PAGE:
On December 13, a delegation of Russian judges, journalists, and NGO representatives took part in a daylong Dwight D. Opperman Institute of Judicial Administration (IJA) event at NYU Law examining the interaction between courts and the media. The visit was part of a “Court Monitoring and Transparency Study Tour” that brought the delegates from their home country to Washington, D.C., and New York City with the goal of improving judicial relations within Russian civil society and understanding the appropriate interactions in the U.S. among the judicial branch, the press, and the public.
The afternoon session, “Constitutional Law and First Amendment Issues—The Media's View of Covering Federal and State Trial Courts,” was moderated by Oscar Chase, Russell D. Niles Professor of Law and IJA co-director, and featured panelists from both the journalism field and the bench. Lincoln Caplan, a member of the New York Times editorial board who covers the U.S. Supreme Court and legal affairs for the Times and has been a staff writer for the New Yorker, the New Republic, and U.S. News & World Report, argued that “the relationship between politics and law is often so intertwined that it’s essential for the integrity of courts to try to keep politics and law as distinct as possible.”
Caplan pointed to SCOTUSblog, the exhaustive online resource for information about Supreme Court cases past and present that makes briefs, transcripts, and opinions instantly available to anyone. The ready availability of such material, he said, “represents a concerted choice by the highest court in the United States to be as open as possible about what’s being considered by the Court and why decisions are made, and in some cases how decisions are made as well. It’s possible to get all of the reasoning that is competing for the justices’ support.... This openness is a way of validating what the court does, of making certain that citizens who want to can follow its choices.”
Diane Dimond, a reporter for Newsweek and the Daily Beast who has covered national politics and criminal trials for print, radio, and major television networks, said, “I don’t know about Russia, but America loves a great trial…. The American people really want to know, need to know about their justice system.”
Despite her background in television reporting, Dimond acknowledged that “when cameras are there, things change. Lawyers perform for the cameras. Defendants, knowing that there’s a camera in the room, will act out, knowing that they’ll look like the big honcho on television.... Letting the light in on our judicial system is a very good thing, in my opinion, and I think Americans really thirst for it. They’re interested in the way the courts work. But I think that we all must realize that sometimes, letting too much light in can blind us.”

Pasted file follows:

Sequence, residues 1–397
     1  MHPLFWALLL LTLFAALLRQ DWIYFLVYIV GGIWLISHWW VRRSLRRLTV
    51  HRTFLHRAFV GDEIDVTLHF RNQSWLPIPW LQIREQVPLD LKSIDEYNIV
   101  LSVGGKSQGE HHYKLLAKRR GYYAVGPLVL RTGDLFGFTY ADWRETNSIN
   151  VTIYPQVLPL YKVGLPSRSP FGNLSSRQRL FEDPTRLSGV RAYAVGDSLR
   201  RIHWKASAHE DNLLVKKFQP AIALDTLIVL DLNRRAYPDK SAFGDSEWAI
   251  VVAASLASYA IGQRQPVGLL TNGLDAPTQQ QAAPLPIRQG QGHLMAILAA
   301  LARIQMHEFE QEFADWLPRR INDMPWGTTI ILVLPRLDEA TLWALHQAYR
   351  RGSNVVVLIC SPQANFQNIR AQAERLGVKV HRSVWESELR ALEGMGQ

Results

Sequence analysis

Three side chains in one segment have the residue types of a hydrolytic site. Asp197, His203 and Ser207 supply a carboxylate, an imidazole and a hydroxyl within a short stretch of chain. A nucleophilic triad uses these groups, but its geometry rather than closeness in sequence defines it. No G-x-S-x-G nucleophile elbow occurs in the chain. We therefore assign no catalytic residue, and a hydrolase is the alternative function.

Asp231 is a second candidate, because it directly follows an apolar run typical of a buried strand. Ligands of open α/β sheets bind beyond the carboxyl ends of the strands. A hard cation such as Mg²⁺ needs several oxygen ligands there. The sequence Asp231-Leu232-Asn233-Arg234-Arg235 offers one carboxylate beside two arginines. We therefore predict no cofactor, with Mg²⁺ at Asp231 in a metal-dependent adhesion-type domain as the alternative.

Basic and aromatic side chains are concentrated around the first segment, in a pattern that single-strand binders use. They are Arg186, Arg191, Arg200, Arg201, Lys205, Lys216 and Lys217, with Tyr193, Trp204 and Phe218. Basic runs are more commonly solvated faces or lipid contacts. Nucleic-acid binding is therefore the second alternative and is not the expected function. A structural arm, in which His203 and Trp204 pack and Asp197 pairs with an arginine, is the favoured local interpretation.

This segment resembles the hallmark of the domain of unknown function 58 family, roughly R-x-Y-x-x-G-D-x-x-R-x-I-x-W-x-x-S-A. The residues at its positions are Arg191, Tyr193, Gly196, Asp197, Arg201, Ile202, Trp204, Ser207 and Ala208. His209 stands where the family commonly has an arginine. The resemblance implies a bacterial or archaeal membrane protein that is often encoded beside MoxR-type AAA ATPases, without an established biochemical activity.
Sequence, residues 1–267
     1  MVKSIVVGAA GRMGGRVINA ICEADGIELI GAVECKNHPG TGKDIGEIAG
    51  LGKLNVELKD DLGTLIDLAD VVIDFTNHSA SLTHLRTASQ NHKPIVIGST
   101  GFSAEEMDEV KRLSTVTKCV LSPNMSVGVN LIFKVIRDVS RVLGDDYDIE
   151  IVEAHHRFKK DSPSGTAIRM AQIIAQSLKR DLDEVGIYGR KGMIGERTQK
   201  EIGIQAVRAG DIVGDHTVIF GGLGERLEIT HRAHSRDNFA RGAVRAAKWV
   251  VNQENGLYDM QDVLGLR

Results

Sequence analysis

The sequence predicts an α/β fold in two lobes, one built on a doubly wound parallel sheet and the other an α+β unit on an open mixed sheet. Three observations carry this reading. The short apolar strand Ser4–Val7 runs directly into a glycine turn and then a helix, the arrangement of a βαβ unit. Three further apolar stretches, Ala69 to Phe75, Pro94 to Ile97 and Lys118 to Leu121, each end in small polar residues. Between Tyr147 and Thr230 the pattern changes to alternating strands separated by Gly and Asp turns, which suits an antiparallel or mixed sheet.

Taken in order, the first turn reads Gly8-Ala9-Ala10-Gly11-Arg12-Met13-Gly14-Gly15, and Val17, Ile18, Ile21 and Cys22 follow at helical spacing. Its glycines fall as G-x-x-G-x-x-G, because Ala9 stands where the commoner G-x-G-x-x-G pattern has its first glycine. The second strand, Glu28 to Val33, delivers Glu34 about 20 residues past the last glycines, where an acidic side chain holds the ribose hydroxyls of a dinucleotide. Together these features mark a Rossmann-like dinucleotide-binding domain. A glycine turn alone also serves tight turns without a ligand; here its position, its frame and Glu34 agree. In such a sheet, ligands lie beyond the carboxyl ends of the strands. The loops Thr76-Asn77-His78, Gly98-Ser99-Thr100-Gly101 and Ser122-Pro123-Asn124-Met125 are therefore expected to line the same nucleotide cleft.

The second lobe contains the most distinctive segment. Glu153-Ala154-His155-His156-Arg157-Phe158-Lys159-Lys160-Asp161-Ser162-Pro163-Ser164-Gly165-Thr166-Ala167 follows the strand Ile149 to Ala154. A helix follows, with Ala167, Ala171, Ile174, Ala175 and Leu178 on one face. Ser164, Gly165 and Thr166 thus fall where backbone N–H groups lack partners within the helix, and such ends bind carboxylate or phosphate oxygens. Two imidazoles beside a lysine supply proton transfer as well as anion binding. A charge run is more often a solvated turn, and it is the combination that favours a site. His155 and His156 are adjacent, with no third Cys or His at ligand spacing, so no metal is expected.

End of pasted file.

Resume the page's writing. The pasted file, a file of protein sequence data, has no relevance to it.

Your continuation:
Judge Robert Levy ’75, a U.S. magistrate judge for the Eastern District of New York and an adjunct professor at NYU Law, traveled to Russia in 2008 for a press conference and hearing concerning a bill pending in the Duma limiting pre-trial detention for economic and nonviolent crimes. In the course of that endeavor, he realized that there were no substantive statistics in the U.S. to reveal whether domestic courts detain people too often or insufficiently before trial.
“We need to have information about the effect of our decisions,” he said, “and whether we’re making accurate decisions or not.... Transparency in the court system is not only for the public to understand what’s happening in the judiciary, but also for judges to understand what they’re doing.”
Another judge, Peter Hall of the U.S. Court of Appeals for the Second Circuit, has visited Russia three times regarding issues related to rule of law. He pronounced it “critical that our judicial system be open to the public and be fully examined.... When we fail to do this, in the relatively short run, we have an adverse impact on the rule of law. In the somewhat longer run, although one might think judges can function independently if they can do so behind closed doors, it really does have an impact on the independence of the judiciary. The less the citizens of the country know about how the judiciary operates, the less independently it will be able to operate in the long run, because the judge will be subject to political pressure and the whims of the current issues rather than be protected by what everybody understands are the parameters of the judge’s job.
Wrapping up the panel, Mary Holland, director of NYU Law’s Graduate Legal Skills Program and a research scholar, asserted that courts can help address the general crisis of confidence in governments “by drawing the line between politics and law, and staying out of politics as much as possible. To do that, the courts must be independent, and the independence of the judiciary is an issue in every civilized country.... Transparency is paramount. If courts are going to have the confidence of the people, they must be open to a judicious extent, and when they are open people are more trusting of courts and they’re more respectful of courts.”
The event’s morning panel, “Public Relations and Interactions with the Press: The Court's View,” included U.S. District Judges Nicholas G. Garaufis and Brian M. Cogan of the Eastern District of New York as well as Judge George Bundy Smith (retired) of the New York State Court of Appeals.
“The Opperman IJA was gratified to be asked to arrange part of this important visit,” said Chase, “and to be able to bring together NYU faculty, federal and state judges, and journalists to explore how judicial decisions are reported and made available to the public in this country, and what Russian courts and journalists can learn from our experience.”
Posted on December 16, 2011